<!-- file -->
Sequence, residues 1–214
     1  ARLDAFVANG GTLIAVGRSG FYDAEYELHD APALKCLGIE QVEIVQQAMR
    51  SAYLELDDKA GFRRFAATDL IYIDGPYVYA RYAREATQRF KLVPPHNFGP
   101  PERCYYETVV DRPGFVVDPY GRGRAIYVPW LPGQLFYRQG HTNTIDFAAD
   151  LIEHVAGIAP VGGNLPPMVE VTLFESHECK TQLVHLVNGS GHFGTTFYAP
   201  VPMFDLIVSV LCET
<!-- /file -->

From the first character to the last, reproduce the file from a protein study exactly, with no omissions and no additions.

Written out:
Sequence, residues 1–214
     1  ARLDAFVANG GTLIAVGRSG FYDAEYELHD APALKCLGIE QVEIVQQAMR
    51  SAYLELDDKA GFRRFAATDL IYIDGPYVYA RYAREATQRF KLVPPHNFGP
   101  PERCYYETVV DRPGFVVDPY GRGRAIYVPW LPGQLFYRQG HTNTIDFAAD
   151  LIEHVAGIAP VGGNLPPMVE VTLFESHECK TQLVHLVNGS GHFGTTFYAP
   201  VPMFDLIVSV LCET